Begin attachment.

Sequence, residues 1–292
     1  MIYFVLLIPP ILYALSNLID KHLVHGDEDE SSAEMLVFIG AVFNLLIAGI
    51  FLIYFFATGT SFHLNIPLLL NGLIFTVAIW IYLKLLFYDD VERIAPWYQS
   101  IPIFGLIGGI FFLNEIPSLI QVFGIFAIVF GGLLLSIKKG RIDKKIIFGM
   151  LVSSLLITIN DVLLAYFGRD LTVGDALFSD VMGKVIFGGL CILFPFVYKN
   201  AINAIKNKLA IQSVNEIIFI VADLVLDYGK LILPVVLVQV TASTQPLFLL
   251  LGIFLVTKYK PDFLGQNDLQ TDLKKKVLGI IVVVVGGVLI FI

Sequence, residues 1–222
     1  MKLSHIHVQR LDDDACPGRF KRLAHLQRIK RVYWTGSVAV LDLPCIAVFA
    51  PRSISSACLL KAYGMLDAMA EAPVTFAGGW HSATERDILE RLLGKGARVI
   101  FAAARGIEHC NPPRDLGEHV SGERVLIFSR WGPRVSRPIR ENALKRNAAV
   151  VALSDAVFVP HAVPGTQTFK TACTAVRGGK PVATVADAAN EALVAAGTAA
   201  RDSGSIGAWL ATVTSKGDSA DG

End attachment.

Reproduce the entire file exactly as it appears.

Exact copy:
Sequence, residues 1–292
     1  MIYFVLLIPP ILYALSNLID KHLVHGDEDE SSAEMLVFIG AVFNLLIAGI
    51  FLIYFFATGT SFHLNIPLLL NGLIFTVAIW IYLKLLFYDD VERIAPWYQS
   101  IPIFGLIGGI FFLNEIPSLI QVFGIFAIVF GGLLLSIKKG RIDKKIIFGM
   151  LVSSLLITIN DVLLAYFGRD LTVGDALFSD VMGKVIFGGL CILFPFVYKN
   201  AINAIKNKLA IQSVNEIIFI VADLVLDYGK LILPVVLVQV TASTQPLFLL
   251  LGIFLVTKYK PDFLGQNDLQ TDLKKKVLGI IVVVVGGVLI FI

Sequence, residues 1–222
     1  MKLSHIHVQR LDDDACPGRF KRLAHLQRIK RVYWTGSVAV LDLPCIAVFA
    51  PRSISSACLL KAYGMLDAMA EAPVTFAGGW HSATERDILE RLLGKGARVI
   101  FAAARGIEHC NPPRDLGEHV SGERVLIFSR WGPRVSRPIR ENALKRNAAV
   151  VALSDAVFVP HAVPGTQTFK TACTAVRGGK PVATVADAAN EALVAAGTAA
   201  RDSGSIGAWL ATVTSKGDSA DG